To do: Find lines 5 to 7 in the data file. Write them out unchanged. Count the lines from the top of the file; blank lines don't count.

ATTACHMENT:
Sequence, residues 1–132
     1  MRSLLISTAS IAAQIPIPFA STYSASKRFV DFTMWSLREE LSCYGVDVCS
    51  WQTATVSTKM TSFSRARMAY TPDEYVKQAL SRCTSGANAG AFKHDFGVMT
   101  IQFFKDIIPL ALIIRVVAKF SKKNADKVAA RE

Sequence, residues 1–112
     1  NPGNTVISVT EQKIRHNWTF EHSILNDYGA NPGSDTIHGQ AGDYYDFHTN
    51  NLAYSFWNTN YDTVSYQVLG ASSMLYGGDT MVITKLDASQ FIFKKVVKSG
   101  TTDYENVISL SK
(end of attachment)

Sequence, residues 1–112
     1  NPGNTVISVT EQKIRHNWTF EHSILNDYGA NPGSDTIHGQ AGDYYDFHTN
    51  NLAYSFWNTN YDTVSYQVLG ASSMLYGGDT MVITKLDASQ FIFKKVVKSG